Saving the North Atlantic Right Whale - North Americadon't fail our whale
North Atlantic right whale population on startling decline
Listed as critically endangered by the International Union for Conservation of Nature, the North Atlantic right whale is on the brink of extinction. According to a recent publication of the North Atlantic Right Whale Consortium, only 336 North Atlantic right whales now remain. The new figures refer to the population size in 2020 and are again significantly lower than the previously calculated population size of about 366 animals.
"The new population estimate for this already critically endangered whale species is staggering," says Sharon Livermore, IFAW's Director of Marine Conservation. "It tells us that the North Atlantic right whale population has declined by eight percent since 2019. The population has been shrinking for ten years, and we know the reasons. They are all due to human causes and decisive action to save these whales is urgently needed."
Off the northeast coast of America, the right whales' habitat overlaps with both the fishing grounds of lobster fisheries and with busy shipping routes. Lobster traps, which are connected to buoys on the water's surface by vertical lines, pose a great threat to whales and other marine mammals who become entangled in their ropes. 86% of all living North Atlantic right whales have been entangled in such fishing lines at least once during their lifetime. Commercial ships and recreational boats passing through critical whale habitat also put these whales at an increased risk of fatal collisions.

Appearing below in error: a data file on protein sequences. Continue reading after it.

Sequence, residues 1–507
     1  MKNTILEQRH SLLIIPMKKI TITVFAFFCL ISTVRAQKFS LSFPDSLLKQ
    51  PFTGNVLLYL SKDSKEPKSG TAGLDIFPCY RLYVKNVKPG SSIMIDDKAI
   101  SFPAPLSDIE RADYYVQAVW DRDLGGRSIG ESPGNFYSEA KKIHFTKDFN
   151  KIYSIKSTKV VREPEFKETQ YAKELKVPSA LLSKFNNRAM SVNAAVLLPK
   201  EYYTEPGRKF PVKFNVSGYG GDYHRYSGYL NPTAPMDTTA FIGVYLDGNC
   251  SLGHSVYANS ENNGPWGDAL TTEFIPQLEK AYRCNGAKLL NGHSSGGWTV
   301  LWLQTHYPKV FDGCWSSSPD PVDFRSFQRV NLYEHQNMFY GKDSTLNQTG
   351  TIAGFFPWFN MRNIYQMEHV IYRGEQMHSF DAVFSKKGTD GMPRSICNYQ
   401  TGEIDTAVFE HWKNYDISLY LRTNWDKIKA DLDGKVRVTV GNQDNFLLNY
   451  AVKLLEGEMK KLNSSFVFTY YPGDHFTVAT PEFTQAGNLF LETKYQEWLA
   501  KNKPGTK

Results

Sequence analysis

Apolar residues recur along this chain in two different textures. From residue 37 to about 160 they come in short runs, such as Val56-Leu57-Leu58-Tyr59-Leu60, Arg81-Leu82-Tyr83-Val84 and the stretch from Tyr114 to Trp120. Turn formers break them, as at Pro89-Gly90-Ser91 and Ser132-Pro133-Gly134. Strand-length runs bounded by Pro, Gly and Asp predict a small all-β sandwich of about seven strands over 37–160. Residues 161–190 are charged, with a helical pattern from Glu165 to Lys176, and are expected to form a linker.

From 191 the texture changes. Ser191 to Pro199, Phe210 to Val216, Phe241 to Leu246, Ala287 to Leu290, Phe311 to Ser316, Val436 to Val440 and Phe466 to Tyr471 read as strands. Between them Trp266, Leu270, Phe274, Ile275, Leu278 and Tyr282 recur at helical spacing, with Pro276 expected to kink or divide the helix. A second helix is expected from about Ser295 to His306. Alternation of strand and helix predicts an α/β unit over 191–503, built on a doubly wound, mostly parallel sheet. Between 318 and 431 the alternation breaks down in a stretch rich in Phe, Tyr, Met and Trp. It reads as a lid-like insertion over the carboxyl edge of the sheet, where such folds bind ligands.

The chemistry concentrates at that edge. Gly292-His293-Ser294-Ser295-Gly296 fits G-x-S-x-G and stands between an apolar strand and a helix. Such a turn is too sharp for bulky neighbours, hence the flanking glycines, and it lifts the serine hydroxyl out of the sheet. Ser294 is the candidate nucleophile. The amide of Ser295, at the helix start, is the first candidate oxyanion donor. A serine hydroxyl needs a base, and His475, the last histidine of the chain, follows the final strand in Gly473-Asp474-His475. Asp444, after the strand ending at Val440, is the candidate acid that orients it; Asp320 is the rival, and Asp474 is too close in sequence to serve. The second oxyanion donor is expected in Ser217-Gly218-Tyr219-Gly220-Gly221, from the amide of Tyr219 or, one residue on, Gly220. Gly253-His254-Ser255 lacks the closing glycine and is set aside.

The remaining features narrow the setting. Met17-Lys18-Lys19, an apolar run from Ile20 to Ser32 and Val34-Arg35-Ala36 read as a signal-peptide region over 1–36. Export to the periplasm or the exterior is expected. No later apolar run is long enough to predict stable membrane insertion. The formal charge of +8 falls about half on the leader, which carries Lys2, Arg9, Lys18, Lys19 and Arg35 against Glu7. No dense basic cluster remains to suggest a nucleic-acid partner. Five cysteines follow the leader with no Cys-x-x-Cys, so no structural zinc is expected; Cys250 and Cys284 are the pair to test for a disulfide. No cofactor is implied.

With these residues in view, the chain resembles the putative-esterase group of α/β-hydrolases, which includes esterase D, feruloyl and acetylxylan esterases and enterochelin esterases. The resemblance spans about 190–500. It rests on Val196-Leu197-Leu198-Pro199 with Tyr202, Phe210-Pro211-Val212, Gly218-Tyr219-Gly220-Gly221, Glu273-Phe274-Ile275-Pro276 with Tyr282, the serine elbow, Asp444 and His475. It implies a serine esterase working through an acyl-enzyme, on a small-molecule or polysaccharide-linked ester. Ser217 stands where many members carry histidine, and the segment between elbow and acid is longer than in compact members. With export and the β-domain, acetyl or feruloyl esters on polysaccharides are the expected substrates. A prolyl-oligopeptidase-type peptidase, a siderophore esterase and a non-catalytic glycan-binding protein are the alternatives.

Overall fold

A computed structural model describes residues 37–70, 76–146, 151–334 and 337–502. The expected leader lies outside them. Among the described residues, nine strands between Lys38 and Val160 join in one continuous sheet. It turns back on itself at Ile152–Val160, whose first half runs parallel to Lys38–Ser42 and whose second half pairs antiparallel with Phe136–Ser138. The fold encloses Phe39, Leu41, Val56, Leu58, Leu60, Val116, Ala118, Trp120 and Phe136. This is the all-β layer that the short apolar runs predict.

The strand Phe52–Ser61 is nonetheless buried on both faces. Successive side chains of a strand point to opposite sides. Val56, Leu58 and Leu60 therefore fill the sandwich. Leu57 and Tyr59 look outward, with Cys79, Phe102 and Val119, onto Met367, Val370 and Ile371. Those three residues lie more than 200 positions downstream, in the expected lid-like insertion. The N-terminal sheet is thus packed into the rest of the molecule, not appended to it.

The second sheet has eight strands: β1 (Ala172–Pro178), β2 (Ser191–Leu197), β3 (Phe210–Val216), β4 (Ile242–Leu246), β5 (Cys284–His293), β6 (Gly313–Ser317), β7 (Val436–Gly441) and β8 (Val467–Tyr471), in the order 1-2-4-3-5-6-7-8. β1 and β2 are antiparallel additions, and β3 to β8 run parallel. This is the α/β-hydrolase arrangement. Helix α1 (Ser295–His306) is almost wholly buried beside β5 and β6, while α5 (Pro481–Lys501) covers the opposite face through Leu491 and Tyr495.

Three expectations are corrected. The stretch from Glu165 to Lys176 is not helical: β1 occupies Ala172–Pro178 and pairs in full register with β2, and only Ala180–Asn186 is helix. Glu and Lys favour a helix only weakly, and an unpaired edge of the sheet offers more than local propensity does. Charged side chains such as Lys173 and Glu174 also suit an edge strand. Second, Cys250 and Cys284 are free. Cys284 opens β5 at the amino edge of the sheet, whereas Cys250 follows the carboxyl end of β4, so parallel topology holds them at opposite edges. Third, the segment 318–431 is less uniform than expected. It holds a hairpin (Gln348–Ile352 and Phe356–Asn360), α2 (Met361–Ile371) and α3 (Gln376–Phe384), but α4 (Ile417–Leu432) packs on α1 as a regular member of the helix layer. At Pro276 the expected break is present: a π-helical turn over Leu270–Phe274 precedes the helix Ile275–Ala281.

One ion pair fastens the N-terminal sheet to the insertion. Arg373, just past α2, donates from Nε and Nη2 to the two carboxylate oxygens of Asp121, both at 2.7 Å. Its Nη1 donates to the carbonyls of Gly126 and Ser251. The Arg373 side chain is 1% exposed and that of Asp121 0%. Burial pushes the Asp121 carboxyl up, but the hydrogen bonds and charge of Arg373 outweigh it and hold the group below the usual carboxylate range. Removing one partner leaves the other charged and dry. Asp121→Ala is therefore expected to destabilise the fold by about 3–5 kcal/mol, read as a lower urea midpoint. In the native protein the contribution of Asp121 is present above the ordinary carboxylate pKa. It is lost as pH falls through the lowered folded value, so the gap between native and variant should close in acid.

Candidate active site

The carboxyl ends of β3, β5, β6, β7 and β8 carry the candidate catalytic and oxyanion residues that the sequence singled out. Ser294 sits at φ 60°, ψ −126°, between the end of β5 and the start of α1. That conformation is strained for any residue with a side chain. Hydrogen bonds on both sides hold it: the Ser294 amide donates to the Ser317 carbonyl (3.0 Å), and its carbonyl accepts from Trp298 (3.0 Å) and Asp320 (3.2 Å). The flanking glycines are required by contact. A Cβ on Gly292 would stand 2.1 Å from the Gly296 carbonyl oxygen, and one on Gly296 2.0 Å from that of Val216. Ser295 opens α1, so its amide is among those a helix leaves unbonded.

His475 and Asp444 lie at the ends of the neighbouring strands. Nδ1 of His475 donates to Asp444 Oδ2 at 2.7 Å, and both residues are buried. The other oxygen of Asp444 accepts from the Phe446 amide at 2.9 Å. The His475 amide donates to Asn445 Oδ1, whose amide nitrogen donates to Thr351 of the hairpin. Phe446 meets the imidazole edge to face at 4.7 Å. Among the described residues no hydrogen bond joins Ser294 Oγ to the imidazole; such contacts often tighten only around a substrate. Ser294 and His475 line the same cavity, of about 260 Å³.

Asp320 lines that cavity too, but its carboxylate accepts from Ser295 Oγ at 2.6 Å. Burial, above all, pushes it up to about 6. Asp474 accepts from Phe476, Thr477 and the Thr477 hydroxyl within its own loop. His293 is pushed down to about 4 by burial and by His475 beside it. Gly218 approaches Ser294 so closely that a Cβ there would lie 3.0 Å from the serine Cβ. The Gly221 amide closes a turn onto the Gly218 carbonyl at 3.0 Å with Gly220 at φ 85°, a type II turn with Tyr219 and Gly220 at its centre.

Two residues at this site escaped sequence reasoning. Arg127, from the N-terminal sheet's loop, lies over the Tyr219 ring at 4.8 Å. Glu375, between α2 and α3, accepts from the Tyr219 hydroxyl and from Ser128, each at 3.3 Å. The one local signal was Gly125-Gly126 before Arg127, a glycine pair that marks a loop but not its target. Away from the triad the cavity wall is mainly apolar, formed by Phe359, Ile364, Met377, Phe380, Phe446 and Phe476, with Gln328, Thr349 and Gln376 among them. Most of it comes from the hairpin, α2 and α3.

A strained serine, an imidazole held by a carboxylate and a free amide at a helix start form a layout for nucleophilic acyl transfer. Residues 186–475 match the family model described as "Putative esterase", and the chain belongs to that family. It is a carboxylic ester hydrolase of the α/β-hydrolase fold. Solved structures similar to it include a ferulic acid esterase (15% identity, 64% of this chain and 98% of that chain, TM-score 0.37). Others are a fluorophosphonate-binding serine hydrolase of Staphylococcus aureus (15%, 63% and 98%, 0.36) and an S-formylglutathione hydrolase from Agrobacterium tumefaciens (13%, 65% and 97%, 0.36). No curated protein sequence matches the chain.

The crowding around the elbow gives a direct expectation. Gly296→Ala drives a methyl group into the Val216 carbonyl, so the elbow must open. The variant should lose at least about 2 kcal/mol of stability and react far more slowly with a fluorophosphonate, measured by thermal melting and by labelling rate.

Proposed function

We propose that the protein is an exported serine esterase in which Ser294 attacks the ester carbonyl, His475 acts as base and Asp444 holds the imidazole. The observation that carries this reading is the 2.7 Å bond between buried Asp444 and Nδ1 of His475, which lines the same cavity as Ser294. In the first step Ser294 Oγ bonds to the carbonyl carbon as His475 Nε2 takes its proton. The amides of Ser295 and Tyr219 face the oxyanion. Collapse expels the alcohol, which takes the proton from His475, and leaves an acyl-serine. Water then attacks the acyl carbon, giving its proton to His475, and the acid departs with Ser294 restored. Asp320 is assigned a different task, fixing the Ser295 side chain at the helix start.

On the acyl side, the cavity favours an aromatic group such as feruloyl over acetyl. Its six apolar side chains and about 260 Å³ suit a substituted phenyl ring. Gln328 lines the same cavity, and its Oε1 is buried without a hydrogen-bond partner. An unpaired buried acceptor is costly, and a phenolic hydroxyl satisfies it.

Alarmingly, the 336 animals now estimated is the lowest number in 20 years. In 2011, there were an estimated 481 whales, the highest population size since post-whaling times. Since then, the population has been decimated by 30%. 18 right whale calves were recorded in 2021, which is a promising figure. Unfortunately, five deaths have already been documented and only 36% of deaths are thought to be detected.
Despite these setbacks and heartbreaking numbers, IFAW continues to fight for the North Atlantic right whale. We're tackling the crisis from all angles by collaborating with other scientists, local fishermen, consumers, and policy makers in both Canada and the United States. Hope is not lost yet, but we are in dire need of urgent action.
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